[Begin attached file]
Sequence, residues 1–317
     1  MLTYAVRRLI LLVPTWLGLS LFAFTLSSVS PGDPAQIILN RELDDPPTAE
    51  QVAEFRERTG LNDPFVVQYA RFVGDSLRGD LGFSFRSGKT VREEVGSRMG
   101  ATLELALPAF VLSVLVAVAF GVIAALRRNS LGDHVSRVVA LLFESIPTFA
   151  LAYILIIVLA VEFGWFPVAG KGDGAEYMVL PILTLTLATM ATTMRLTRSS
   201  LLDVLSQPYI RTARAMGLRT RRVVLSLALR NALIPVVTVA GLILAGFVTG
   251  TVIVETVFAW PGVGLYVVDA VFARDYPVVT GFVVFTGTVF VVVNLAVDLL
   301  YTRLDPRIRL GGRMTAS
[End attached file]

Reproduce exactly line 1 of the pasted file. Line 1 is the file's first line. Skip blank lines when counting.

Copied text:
Sequence, residues 1–317